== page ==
Keep an eye out for these student-made signs, and if you are interested in learning how to identify plants, please visit this LibGuide that is full of library resources (both print and electronic). Also, if you are interested in hosting a similar project in the library, please contact Natalie at nwahl@hawaii.edu!

January 24, 2017
by Wayde Oshiro
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Save $$ with New e-Resources at Your Library

We’re kicking off our Spring Library Learning Series with a reprise of our convocation breakout session from early January.  If you missed it the first time now’s your chance to catch it again!

  • Tuesday, January 31
  • 1:00-2:00 PM
  • Library, Kapunawai

With Carina Chernisky, Public Services Specialist and Librarians Junie Hayashi, Annemarie Paikai, and Natalie Wahl.

Leeward CC Library staff will show you how new e-resources can support your students and enhance your academic, professional, and personal life.  Featured resources include:

Our next Library Learning Series workshop will be in late February.

January 23, 2017
by Carina Chernisky
0 comments

New Books

Please check the location of the following items, as some are on our new book cart located on the third floor, in a display case, or have already been placed in the stacks. Titles from our General Collection can be “held” via Voyager (click on the link below and follow these directions).

General Collection
$2 A Day: Living on Almost Nothing in America by Kathryn J. Edin and H. Luke Shaefer (Voyager)
Altered Genes, Twisted Truth: How the Venture to Genetically Engineer Our Food Has Subverted Science, Corrupted Government, and Systematically Deceived the Public by Steven M. Druker (Voyager)
Black Flags: the Rise of Isis by Joby Warrick (Voyager)
The Book of Joy: Lasting Happiness in a Changing World by His Holiness the Dalai Lama, Archbishop Desmond Tutu, and Douglas Abrams (Voyager)
The Cartoon Guide to Algebra by Larry Gonick (Voyager)
Cognitive Therapy of Personality Disorders by Aaron T. Beck, Denise D. Davis, and Arthur Freeman (Voyager)
The Complete Guide to Auto Body Repair by Dennis W. Parks (Voyager)
Deep Dark Fears by Fran Krause (Voyager)
The Divine by Asaf Hanuka, Tomer Hanuka, and Boaz Lavie (Voyager)
Electric and Hybrid Vehicles by Tom Denton (Voyager)
ESL Classroom Activities for Teens & Adults: Fluency Activities and Grammar Drills by Shelley Ann Vernon (Voyager)
Food Forensics: the Hidden Toxins Lurking in Your Food and How You Can Avoid Them in Lifelong Health by Mike Adams (Voyager)
Humans: from the Beginning by Christopher Seddon (Voyager)
Killing and Dying: Stories by Adrian Tomine (Voyager)
March: Book Two by John Lewis, Andrew Aydin, and Nate Powell (Voyager)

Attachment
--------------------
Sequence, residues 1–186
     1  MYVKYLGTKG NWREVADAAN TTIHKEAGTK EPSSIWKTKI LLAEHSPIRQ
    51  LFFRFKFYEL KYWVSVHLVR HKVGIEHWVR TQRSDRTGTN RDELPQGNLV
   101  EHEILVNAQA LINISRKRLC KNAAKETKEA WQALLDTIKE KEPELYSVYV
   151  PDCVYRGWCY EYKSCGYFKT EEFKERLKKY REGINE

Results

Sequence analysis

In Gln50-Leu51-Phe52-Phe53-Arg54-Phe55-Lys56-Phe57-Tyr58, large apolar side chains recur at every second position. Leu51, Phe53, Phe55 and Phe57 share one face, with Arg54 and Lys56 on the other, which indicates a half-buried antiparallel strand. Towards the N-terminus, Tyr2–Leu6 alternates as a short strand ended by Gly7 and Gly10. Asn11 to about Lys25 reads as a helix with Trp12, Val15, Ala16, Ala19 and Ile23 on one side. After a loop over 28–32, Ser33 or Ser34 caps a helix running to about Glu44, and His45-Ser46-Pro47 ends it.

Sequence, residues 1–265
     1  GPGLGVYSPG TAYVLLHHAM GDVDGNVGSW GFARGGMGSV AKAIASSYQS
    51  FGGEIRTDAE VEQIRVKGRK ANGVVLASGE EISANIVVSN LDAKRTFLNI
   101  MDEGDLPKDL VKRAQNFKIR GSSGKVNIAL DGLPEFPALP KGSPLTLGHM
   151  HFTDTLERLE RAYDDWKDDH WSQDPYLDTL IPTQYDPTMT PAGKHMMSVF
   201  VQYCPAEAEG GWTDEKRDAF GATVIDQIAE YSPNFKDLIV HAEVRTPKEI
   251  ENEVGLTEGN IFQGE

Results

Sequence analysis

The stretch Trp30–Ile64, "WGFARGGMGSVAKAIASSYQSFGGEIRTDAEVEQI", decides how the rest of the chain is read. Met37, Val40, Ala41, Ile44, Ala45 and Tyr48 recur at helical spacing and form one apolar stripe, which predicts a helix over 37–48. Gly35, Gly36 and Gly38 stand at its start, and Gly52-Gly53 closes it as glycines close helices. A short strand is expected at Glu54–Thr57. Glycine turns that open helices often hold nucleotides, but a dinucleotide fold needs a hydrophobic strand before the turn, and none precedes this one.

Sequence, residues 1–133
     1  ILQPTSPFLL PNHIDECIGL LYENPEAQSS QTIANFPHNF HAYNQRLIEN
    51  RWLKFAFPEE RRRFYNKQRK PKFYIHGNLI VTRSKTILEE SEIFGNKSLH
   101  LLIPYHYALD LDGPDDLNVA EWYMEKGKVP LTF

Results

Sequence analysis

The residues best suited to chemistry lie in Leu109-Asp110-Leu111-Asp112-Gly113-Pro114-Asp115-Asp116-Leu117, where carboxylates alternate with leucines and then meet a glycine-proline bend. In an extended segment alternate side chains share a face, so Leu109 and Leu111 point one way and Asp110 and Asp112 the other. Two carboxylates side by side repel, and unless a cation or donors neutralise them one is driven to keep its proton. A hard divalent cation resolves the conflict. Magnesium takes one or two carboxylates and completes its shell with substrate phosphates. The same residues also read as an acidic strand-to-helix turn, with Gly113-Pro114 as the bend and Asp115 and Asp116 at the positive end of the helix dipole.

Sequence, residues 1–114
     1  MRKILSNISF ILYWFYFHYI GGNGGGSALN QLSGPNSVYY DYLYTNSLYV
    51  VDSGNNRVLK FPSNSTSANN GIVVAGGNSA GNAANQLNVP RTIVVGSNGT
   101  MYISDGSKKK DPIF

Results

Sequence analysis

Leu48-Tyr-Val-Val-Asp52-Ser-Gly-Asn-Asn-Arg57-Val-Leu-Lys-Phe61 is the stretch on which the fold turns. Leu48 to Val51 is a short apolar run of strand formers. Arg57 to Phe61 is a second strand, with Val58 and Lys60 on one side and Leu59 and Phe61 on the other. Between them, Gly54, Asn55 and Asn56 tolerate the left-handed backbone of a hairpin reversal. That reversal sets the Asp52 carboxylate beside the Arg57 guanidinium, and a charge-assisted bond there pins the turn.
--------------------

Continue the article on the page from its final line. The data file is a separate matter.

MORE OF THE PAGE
March: Book Three by John Lewis, Andrew Aydin, and Nate Powell (Voyager)
Mind Over Mood: Change How You Feel by Changing the Way You Think by Dennis Greenberger, PhD and Christine A. Padesky, PhD (Voyager)
Mockingbird: I Can Explain by Chelsea Cain, Kate Niemczyk, and Ibrahim Moustafa (Voyager)
Monstress by Marjorie Liu and Sana Takeda (Voyager)
The Nameless City by Faith Erin Hicks and Jor Die Bellaire (Voyager)
The Osamu Tezuka Story: a Life in Manga and Anime by Toshio Ban and Tezuka Productions (Voyager)
The Past in Perspective: an Introduction to Human Prehistory by Kenneth L. Feder (Voyager)
The Productivity Project: Accomplishing More by Managing Your Time, Attention, and Energy by Chris Bailey (Voyager)
The Sandman: Overture by Neil Gaiman, J.H. Williams III, and Dave Stewart (Voyager)
The Sheriff of Babylon: Bang, Bang, Bang by Tom King and Mitch Gerads (Voyager)
The Vision: Little Worse Than a Man by Tom King and Gabriel Hernandez Walta (Voyager)

Hawaiian/Pacific Collection
Artefacts of Encounter: Cook’s Voyages, Colonial Collecting and Museum Histories by Nicholas Thomas, Julie Adams, Billie Lythberg, Maia Nuku, and Amiria Salmond (Voyager)
For a Song by Rodney Morales (Voyager)
Ho’ala Loko I’a: Permit Application Guidebook by the DLNR Office of Conservation and Coastal Lands (Voyager)
The Lives of Hawai’i’s Dolphins and Whales: Natural History and Conservation by Robin W. Baird (Voyager)
Long Hops: Making Sense of Bird Migration by Mark Denny (Voyager)
Making the Modern Primitive: Cultural Tourism in the Trobriand Islands by Michelle MacCarthy (Voyager)
The Maori Meeting House: Introducing the Whare Whakairo by Damian Skinner (Voyager)
Plants for Our Healing by May Kealoha (Voyager)

Juvenile Collection
A Poem for Peter: the Story of Ezra Jack Keats by Andrea Davis Pickney (Voyager)
Ada Twist, Scientist by Andrea Beaty (Voyager)
Iggy Peck, Architect by Andrea Beaty (Voyager)
The Most Magnificent Thing by Ashely Spires (Voyager)
What Do You Do With An Idea? by Kobi Yamada (Voyager)